Both groups had misperceptions regarding their college instructor teaching them study skills (item 19). Pre- and post-test responses to this item showed that more than half of the PACE students expected, to some degree, that study skills likely would be taught. However, post-test responses for the LSAMP students showed that more than half did not expect that study skills would be taught. A number of myths exist about academically-talented college students; one is that these students do not have academic needs (Gerrity, Lawrence and Sedlacek, 1993). Another myth, identified by Myers and Pace (1986), is that students in honors programs are without problems. Gerrity, Lawrence and Sedlacek (1993) suggest that the needs and interests of academically-talented students are best served by coursework, and living and learning environments that are specially designed, differing from regular course offerings.

Personal Expectations and Perceptions by Summer Program

Table 4 contains the pre- and post-test responses for each question, related to the personal expectations and perceptions. The distributions of pre- and post-test responses were very similar for both programs; the response pattern from pre- to post-test changed very little. An increase in “quite likely” and “extremely likely” responses was found for the PACE students for item 26, I am worried that I won’t make it through college and a significant difference was found for the post-test responses for item 14, There is nothing I will rather be doing than getting my college degree.

Social Expectations and Perceptions by Summer Program

Table 5 contains the preand post-test response for each question that was related to the social expectations and perceptions according to summer program. Item 27, students will have many different cultural backgrounds, had a significant difference found on the post-test. Furthermore, from inspection of the post-test distribution, it can be seen that the “not at all likely” to “somewhat likely” end of the distribution may be driving this difference as the two groups have reverse patterns. Grouping “quite likely” and “extremely likely” responses together for the post-test produced similar results for PACE and LSAMP.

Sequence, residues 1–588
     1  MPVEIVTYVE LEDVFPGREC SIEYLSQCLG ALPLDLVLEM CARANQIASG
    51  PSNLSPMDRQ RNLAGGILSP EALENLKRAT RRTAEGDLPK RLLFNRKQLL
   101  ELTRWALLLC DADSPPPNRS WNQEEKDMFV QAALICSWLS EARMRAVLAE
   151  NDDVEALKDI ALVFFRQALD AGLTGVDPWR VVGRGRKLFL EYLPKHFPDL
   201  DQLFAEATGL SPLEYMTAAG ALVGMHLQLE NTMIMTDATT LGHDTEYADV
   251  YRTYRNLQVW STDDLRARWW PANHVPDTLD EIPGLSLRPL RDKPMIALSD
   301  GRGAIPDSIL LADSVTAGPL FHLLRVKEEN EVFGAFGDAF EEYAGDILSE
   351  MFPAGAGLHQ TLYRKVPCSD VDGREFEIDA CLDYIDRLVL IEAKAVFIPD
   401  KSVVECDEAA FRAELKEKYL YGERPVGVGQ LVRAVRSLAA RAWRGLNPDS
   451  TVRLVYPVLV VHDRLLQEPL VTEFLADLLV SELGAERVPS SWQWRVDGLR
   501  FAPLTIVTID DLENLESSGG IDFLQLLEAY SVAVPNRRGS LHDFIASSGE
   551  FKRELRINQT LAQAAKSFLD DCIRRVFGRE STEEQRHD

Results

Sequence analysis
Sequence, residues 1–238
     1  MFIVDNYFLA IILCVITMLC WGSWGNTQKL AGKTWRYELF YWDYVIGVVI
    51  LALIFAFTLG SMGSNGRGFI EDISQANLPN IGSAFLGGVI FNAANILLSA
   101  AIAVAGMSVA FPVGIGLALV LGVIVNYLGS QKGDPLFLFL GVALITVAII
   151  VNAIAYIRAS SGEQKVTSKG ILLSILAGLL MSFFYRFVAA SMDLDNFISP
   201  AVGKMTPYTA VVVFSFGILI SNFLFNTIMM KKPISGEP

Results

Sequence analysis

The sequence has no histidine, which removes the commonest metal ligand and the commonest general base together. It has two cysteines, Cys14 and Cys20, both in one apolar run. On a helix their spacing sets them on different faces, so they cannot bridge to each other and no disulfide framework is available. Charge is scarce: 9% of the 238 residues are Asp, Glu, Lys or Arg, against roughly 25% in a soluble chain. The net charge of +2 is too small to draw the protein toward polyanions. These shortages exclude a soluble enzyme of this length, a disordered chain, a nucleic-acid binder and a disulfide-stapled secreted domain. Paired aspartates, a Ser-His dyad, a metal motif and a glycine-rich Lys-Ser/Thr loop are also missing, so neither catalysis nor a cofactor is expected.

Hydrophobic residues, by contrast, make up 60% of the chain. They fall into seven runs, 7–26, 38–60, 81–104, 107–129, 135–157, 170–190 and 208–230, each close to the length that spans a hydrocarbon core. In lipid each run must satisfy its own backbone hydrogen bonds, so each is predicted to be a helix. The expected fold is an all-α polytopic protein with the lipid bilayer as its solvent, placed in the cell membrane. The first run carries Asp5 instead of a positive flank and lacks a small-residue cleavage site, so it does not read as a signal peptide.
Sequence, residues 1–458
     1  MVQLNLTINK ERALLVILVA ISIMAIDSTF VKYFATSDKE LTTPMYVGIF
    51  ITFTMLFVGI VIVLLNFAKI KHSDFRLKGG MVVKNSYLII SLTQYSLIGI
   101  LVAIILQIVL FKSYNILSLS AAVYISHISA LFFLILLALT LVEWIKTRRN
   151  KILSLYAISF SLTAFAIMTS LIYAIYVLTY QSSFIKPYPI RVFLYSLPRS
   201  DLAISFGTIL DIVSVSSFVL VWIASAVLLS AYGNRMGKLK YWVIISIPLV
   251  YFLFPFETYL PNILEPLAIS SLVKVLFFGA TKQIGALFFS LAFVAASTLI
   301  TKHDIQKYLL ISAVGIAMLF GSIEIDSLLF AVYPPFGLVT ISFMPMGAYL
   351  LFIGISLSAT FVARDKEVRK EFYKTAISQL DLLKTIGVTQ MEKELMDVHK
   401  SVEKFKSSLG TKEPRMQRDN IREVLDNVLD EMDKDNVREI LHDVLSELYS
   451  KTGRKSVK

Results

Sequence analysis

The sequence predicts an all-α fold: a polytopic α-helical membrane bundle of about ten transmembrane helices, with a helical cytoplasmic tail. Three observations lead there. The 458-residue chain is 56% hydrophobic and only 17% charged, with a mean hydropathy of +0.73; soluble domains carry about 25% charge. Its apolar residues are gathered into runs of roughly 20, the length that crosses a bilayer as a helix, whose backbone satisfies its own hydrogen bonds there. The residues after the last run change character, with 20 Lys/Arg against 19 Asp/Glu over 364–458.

In general, the PACE and LSAMP students felt that college students would have many cultural backgrounds. This perception held by the pre-college students toward cultural awareness could be productive for a university. Multicultural events could take place on campus to assist in making the diversity of the campus more apparent. Students from various cultural backgrounds and American students could interact at different club or organizational meetings.

Discussion

The results of this study clearly suggested that summer programs for at-risk and low-income, minority students like the PACE, can help facilitate their transition and adjustment to college life and improve their persistence rates. Over the years PACE and LSAMP programs have proven that a strong curricular and counseling component can help teach students how to participate and succeed in an academic environment. The findings from this study indicate that the populations served by the two programs vary greatly. Some programs, such as the PACE, are specifically designed for target populations such as minority, low-income, disabled, or first-generation students. In addition, these programs serve students who do not have a high GPA average or SAT score. Other programs such as the LSAMP are developed for students within particular majors such as math and science. These summer programs tend to have a very different curriculum focused on introducing lab work, understanding what it means to work in the science and math area, familiarizing them with group and problem-based learning, and developing mentoring relationships.